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and had been defeated and slain. After subduing the rebel, Abderahman resolved to march against Othman's ally and father-in-law. This drove Eudo into making an abject and instant submission to his Frankish suzerain,
In 732 the viceroy crossed the western Pyrenees at the head of the largest Saracen army that Spain had yet seen, strengthened by reinforcements from Africa and the East. Eudo stood on the defensive against him and endeavoured to defend the line of the Garonne, but was routed with the loss of almos't the whole of his army. He fled beyond the Loire and threw himself on the mercy of Charles ,, , .
Martel; meanwhile the Saracens stormed Bor- invades Gaul, deaux, and moved slowly forward, ravaging the 732' country on all sides till they drew near to Poictiers. It was for no mere raid that they had come on this occasion, but for the permanent conquest of Aquitaine, perhaps even with the design of attacking Neustria also. Headed by the strongest and most popular viceroy that Moslem Spain had yet known, and mustering not less than seventy or eighty thousand men, they set no limit to their desires.
In the hour of danger the great Mayor of the Palace was not wanting. He did not rush hastily into the field, but drew together the whole force of both the Frankish realms, though his firmest reliance was on his own Austrasians. Leading an army whose like had not been seen since the earliest days of the monarchy—for never had Neustria and Austrasia combined for an expedition of such moment—he crossed the Loire near Tours and advanced to meet Abderahman. It was close to Poictiers 'in suburbia Pictavietisi' that the two great hosts faced each other, though by some freak of the chronicler it is Tours that has given its name to the battle in the pages of many of our histories. Abderahman and Charles both felt that they were about to engage in no common contest. The fate of Aquitaine, possibly of all Gaul, might be largely influenced by the result of the oncoming battle between Christian and Moslem. For seven days the two hosts lay opposite each other, each waiting for the enemy to advance; at last Abderahman took the offensive, and his host poured out from their camp to assail the Frankish line. Hardly a detail of the great struggle has survived: we only know that the Saracen horsemen surged in vain around the impenetrable masses of the Frankish infantry, whose firm shield-wall 'was frozen to the earth like a rampart of ice.' The Austrasians bore the brunt of the fighting; 'the men of the East huge in stature Battle of an(l iron-handed hewed on long and fiercely; it Poictiers, 733. was they who sought out and slew the Saracen chief The fight endured till night fell, when the invaders withdrew, leaving Abderahman and many thousands more lying dead in front of the Frankish line. In the darkness the Arabs had time to count up their losses, which were so appalling that they hastily fled rather than face another day's fighting. Their tents, crammed with all the booty of Aquitaine, their baggage and military stores, with thousands of horses and enormous piles of arms, fell into the hands of the victorious Franks. So ended the danger of western Christendom from the Moslem invader, a danger which has not unfrequently been exaggerated, especially by French writers anxious to glorify the Austrasian mayor, whom they have chosen to make into a French national hero. It is probable that even if Abderahman had been victorious nothing more than the duchy of Aquitaine would have fallen into his hands, for this invasion after leaving Bordeaux was degenerating into an incursion for plunder, like that which in 525 had ended with the sack of Autun. The Moslems of Spain had proved themselves during the last forty years so factious and unruly, that we cannot believe that even under a leader of exceptional ability they would have held together long and loyally enough to ensure the conquest of central Gaul. Neustria, and still more Austrasia, were states of a very different degree of vigour from the decrepit Visigothic monarchy which fell in 711. Even if Poictiers had fared as Autun, there was strength and courage enough in the Franks to face many such another blow, and we may doubt the judgment of Gibbon when he draws his gloomy forecast of the probable results of a victory for Abderahman, ending in a picture of the Muezzin calling the True Believers to prayer in the Highlands of Scotland, and the Mollahs of Oxford disputing on the attributes of a Unitarian Godhead.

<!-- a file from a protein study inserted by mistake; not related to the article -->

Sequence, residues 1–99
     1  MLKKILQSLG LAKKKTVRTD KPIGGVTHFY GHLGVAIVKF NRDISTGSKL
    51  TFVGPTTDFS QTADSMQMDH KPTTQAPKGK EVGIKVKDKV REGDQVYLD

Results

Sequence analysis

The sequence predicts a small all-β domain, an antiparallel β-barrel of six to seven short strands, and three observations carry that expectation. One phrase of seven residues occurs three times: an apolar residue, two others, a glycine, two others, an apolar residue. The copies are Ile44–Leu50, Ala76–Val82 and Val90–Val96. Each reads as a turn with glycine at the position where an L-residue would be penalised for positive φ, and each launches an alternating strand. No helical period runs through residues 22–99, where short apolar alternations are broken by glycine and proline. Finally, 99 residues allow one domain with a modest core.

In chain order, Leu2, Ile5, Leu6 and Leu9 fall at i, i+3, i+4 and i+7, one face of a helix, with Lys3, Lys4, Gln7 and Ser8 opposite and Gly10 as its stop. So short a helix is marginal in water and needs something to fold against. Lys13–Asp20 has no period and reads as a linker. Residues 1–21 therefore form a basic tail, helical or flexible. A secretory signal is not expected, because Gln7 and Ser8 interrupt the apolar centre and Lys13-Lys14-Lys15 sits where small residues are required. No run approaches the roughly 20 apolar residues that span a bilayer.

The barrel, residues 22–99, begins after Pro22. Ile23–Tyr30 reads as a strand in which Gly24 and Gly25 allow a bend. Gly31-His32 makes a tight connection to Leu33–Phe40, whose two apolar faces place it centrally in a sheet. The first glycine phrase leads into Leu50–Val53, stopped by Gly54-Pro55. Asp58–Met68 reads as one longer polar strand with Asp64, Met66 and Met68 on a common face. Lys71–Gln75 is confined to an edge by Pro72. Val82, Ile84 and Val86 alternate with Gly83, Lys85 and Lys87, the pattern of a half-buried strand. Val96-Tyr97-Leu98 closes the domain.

The remnants of the Saracen host made no attempt to hold Aquitaine, but fled hastily across the Pyrenees, so that duke Eudo was able to reoccupy Bordeaux and Toulouse, and rule once more over the whole of his former dominions as the vassal of the Frank. Meanwhile, Charles returned to Austrasia laden with booty, and was hailed by all western Christendom as the greatest conqueror since Constantine. The Frankish poets and chroniclers continued to celebrate his triumph with such fervour that ere long the world was told and believed that he had slain 375,000 Saracens, with the loss of no more than 1500 men on his own side! If only he had been more of a favourite with the Church he would have been enshrined in history as the equal of his grandson, Charles the Great. But the zeal with which he forwarded the conversion of Germany, and smote the infidel, did not atone, in the eyes of the monkish historians, for the highhanded way in which he had dealt with the Gaulish church. Because he banished bishops, and forbade synods to be held without his leave, and occasionally laid military burdens on church-land, he received a very half-hearted blessing from the annalists of his day.